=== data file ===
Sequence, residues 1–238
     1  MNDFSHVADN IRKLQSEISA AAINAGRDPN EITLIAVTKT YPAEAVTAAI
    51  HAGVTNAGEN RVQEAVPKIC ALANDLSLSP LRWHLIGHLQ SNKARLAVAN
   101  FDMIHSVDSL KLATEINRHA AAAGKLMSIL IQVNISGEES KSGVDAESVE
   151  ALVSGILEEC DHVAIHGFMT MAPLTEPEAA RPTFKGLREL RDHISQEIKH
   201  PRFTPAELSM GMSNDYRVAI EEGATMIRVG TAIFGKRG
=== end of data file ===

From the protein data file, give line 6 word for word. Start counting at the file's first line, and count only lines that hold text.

   201  PRFTPAELSM GMSNDYRVAI EEGATMIRVG TAIFGKRG